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Water ouzels busy teaching youngsters in eastern Idaho

Living the Wild Life

Living the Wild Life is brought to you by The Healing Sanctuary.

At the LeHardys Rapids in Yellowstone Park, I observed a small dark gray bird that appeared to be pecking a hole in a rock out in the Yellowstone River. As I got closer, I saw the bird was killing a Yellowstone cutthroat trout fingerling. Before I could get a picture of it, the bird fed the fish to its kid, a young American dipper, often called a “water ouzel.”

For the next half hour, I studied two adults as they attempted to teach three young dippers how to harvest, kill and eat different types of water bugs. The most numerous food of choice was the stonefly nymphs, we used to call hellgrammites when we were kids. They also caught leeches and other aquatic insects as they crept along the bottom of the longest undammed river in the contiguous United States.

The parents of these amazing young hatchlings would bury their head into the fast-moving current as they searched the bottom of the river for food. Sometimes the parents would dive into the current and remove a stick or other obstacles to expose the hiding places for the bugs. Then they would encourage the kids to get into the water to catch their own food.

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Cleaning up insect hiding areas in a hunting area. | Bill Schiess, EastIdahoNews.com

After diving into the water, the adults would walk on the bottom with their wings spread out that made them appear as they were flying under the water. Experts report that they do not actually fly under the water but use their outstretched wings to steady themselves as they walk against the swift current.

The parents were very vocal with their youngsters and as the weather is getting a little colder, the kids will have to learn to fend for themselves. They will stay at the rapids year around with the male defending his chosen nesting place. The only things that will cause them to move will be if the rapids freeze over completely or if the river becomes polluted enough to kill the insects.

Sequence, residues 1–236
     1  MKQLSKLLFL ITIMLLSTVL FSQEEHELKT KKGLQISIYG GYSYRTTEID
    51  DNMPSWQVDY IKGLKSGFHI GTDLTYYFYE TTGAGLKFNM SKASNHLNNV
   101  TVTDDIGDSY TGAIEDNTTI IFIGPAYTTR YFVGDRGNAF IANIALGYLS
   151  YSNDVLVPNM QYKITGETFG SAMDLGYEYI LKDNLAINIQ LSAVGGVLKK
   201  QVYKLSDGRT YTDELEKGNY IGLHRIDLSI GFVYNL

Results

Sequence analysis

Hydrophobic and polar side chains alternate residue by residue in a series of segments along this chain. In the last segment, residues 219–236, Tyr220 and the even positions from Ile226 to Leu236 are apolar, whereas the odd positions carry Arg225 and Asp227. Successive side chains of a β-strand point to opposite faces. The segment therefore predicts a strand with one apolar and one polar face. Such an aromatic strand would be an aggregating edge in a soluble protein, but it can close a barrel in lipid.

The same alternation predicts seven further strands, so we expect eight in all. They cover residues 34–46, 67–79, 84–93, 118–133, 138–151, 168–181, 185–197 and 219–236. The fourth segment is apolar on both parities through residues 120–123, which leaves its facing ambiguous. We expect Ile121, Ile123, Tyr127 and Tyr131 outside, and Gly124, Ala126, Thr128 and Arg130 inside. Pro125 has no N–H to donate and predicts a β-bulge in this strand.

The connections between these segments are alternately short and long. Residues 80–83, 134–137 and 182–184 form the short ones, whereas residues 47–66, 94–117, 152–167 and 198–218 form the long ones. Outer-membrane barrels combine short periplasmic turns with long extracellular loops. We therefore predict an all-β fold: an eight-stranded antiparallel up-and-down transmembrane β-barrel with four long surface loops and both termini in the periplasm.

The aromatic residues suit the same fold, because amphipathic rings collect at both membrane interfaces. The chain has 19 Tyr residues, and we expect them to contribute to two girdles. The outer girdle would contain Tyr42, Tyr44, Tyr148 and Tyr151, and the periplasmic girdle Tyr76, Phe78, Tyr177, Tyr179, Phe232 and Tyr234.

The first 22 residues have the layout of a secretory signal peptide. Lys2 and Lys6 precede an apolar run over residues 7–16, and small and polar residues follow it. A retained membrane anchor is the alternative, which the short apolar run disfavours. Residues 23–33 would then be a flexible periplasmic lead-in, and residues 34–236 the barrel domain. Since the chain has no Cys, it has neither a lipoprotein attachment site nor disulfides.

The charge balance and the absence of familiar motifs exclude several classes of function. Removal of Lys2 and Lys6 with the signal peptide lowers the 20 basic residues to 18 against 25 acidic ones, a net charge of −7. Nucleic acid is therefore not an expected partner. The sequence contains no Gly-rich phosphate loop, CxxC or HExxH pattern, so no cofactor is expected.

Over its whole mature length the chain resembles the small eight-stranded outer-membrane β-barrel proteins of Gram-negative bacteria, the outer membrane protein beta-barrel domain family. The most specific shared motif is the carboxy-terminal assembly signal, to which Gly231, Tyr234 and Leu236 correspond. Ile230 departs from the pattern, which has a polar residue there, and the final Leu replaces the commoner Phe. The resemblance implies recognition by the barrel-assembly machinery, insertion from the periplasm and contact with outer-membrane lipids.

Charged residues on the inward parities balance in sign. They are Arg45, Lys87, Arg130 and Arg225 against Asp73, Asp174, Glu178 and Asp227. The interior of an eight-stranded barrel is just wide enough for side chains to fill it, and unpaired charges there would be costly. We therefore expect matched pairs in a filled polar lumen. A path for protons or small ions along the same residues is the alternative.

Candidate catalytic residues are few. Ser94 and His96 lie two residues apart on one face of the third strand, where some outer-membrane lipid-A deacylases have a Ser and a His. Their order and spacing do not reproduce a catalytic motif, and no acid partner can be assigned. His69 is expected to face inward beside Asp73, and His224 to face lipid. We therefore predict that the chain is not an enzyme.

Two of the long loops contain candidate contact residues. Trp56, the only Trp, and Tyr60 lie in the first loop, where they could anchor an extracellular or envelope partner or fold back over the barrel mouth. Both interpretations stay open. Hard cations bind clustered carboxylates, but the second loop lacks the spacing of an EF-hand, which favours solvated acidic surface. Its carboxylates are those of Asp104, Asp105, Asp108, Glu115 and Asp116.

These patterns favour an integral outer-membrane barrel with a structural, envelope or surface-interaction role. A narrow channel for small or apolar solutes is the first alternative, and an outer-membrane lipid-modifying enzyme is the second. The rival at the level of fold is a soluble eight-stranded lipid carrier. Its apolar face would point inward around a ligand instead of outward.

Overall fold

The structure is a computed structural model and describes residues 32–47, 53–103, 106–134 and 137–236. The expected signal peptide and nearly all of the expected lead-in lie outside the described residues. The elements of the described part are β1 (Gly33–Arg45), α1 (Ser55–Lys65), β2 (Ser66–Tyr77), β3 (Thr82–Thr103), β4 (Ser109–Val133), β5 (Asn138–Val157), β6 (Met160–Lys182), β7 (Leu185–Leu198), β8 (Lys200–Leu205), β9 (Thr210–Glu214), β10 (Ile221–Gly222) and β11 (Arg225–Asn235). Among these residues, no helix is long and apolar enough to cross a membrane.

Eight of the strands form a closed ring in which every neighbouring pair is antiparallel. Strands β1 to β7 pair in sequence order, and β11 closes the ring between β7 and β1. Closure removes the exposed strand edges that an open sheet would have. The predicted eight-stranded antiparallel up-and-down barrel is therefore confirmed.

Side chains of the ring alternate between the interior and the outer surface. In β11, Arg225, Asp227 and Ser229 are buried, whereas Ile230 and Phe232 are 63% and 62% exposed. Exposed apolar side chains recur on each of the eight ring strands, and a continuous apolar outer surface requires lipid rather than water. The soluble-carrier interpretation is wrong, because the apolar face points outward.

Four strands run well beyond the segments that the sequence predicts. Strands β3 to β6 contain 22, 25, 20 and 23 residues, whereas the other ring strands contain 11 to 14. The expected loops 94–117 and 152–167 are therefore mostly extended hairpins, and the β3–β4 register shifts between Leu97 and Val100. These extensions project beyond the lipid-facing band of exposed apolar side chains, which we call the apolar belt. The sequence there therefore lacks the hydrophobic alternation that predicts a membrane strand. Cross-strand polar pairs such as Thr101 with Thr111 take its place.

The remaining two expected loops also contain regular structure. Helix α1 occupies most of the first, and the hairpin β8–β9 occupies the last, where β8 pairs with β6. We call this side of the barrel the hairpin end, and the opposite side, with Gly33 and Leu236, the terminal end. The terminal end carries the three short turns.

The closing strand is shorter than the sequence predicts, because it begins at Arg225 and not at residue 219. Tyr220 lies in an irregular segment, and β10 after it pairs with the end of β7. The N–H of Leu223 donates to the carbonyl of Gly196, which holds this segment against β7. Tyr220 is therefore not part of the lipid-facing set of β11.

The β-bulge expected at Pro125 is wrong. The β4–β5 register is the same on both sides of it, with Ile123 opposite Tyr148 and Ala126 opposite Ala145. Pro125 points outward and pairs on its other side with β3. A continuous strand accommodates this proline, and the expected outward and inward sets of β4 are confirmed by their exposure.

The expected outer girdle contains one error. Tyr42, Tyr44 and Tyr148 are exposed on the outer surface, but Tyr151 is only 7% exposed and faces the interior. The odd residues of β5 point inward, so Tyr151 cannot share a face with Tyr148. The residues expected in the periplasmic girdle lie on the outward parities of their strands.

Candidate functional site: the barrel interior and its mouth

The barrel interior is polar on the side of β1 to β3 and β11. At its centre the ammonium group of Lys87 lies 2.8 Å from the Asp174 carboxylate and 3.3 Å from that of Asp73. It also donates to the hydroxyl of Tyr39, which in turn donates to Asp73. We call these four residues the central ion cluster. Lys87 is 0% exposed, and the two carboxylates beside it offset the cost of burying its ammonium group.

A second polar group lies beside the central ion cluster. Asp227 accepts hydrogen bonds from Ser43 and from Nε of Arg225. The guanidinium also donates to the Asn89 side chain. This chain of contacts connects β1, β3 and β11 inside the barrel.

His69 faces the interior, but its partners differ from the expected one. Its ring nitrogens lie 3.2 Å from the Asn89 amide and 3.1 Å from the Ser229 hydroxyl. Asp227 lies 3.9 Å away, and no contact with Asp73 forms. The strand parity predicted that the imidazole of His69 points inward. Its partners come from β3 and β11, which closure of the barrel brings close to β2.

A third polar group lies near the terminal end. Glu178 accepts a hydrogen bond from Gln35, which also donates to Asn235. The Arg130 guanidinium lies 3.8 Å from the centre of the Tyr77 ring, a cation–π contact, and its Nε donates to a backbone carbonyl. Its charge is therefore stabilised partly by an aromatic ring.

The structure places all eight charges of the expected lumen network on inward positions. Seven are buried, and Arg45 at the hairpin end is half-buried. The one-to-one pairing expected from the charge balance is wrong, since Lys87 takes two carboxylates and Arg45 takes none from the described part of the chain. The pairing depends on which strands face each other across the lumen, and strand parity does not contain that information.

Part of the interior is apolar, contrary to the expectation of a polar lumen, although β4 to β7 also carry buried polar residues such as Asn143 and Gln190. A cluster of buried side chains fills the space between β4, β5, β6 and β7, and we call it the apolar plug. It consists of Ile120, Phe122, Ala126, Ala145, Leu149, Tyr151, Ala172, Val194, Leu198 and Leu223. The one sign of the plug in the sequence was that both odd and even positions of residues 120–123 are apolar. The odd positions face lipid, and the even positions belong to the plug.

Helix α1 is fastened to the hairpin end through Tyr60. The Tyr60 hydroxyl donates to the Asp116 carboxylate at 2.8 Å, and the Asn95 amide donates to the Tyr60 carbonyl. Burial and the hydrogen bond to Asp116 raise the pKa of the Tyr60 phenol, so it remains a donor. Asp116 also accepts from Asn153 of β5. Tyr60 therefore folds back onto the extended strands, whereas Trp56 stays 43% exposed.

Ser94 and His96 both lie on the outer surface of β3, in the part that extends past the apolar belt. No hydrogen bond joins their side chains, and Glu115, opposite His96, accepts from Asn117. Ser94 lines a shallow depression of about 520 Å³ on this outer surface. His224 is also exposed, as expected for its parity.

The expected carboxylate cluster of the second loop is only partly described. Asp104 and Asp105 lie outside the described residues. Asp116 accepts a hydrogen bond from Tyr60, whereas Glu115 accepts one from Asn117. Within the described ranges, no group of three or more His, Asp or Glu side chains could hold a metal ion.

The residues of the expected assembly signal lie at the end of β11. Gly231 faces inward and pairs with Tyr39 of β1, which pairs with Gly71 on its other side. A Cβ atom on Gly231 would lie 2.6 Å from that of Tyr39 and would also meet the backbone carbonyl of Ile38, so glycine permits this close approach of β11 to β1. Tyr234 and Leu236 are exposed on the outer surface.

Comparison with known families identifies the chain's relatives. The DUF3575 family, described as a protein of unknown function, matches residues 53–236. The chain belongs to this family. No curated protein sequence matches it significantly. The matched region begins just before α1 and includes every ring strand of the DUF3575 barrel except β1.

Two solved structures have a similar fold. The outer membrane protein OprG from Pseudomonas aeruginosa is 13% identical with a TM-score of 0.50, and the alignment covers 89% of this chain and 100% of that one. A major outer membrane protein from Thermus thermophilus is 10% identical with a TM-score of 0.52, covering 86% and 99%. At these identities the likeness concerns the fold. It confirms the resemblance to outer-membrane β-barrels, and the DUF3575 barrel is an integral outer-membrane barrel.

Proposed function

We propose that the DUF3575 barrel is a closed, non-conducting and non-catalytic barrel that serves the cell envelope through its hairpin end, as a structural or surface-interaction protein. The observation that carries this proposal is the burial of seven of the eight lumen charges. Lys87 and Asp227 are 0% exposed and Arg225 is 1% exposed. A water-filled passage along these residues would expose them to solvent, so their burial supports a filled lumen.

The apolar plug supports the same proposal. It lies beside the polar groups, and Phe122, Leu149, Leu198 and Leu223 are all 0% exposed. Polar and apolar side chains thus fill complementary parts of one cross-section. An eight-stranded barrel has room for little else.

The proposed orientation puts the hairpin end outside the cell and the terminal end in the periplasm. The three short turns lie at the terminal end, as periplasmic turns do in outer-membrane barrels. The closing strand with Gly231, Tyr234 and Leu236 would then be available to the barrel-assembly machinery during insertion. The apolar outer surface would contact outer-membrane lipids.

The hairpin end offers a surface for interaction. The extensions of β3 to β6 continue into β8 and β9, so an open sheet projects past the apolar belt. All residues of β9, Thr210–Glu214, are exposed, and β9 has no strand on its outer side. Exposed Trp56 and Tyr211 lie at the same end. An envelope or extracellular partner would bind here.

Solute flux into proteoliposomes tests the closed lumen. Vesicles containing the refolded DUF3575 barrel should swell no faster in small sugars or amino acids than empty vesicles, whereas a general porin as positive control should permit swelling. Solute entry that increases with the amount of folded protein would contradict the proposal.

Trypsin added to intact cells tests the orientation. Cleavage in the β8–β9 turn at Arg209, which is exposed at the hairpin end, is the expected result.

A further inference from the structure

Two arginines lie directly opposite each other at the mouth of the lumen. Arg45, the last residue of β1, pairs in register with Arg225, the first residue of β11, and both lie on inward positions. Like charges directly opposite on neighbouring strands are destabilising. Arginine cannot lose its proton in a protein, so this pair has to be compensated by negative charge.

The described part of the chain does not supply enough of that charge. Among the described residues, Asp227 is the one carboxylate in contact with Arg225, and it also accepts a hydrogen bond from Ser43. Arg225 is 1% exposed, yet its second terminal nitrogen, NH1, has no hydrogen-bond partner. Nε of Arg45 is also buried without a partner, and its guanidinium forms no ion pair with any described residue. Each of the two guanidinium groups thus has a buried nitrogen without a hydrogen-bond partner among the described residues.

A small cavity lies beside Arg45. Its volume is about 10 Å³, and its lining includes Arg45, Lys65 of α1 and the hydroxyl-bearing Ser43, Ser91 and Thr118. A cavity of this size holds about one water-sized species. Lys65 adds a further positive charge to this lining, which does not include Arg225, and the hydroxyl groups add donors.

The dippers are good indicators of water quality as their life depends on the abundance of aquatic insects. Oh, they will occasionally catch and feed on small fish, but they prefer the larvae of large flying insects that also need unpolluted water.

They are also equipped to handle the bitter cold Yellowstone winters. They have a very low metabolic rate with an extra carrying capacity of oxygen in their blood. Their feathers are so thick that water cannot get to their skin, even their eyelids are covered with feathers that are white, which shows when they close their eyes.

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An immature dipper successfully catches a leech after searching the bottom of the river. | Bill Schiess, EastIdahoNews.com

Most swift-flowing streams in the mountains of Idaho will be home to these ouzels. I have watched them on Palisades Creek, the Henrys Fork of the Snake River and along Warm River during the winter. During severe winters when mountain rivers water becomes flowing ice slush, they will move into the portion of the rivers in the warmer valleys. If you find some or visit LeHardys Rapid, take a half hour and watch them, they can be very entertaining.

They are not the only strange birds at LaHardys. The rare harlequin ducks spend the spring, summer and fall at the rapids. Since the male Harlequins have already migrated to the Pacific Coast, the less colorful females along with their babes are preparing to join the males. This will happen soon, but in the next couple of weeks, they can still be seen setting on the rocks and diving for food in the rapids.

Visiting Yellowstone in the fall is one of my favorite things to do with the LeHardys Rapids high on my list to visit. I still love to read the naturalist John Muir’s writings about the water ouzel and other wild things in his many essays and books.

Enjoy the great autumn that we are having – too many years we have a short fall season and we have been blessed with a great one this year. It almost makes the hot summer worth it!!

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An immature dipper capturing an aquatic bug along with some salad. | Bill Schiess, EastIdahoNews.com
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An adult dipper searching for food at the bottom of the LeHardys Rapids. | Bill Schiess, EastIdahoNews.com
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